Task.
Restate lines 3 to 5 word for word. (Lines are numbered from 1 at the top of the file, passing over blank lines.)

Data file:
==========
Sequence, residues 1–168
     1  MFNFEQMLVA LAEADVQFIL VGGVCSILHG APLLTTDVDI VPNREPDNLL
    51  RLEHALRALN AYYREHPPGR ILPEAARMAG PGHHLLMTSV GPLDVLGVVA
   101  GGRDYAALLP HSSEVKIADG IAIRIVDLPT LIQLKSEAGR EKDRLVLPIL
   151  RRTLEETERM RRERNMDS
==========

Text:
    51  RLEHALRALN AYYREHPPGR ILPEAARMAG PGHHLLMTSV GPLDVLGVVA
   101  GGRDYAALLP HSSEVKIADG IAIRIVDLPT LIQLKSEAGR EKDRLVLPIL
   151  RRTLEETERM RRERNMDS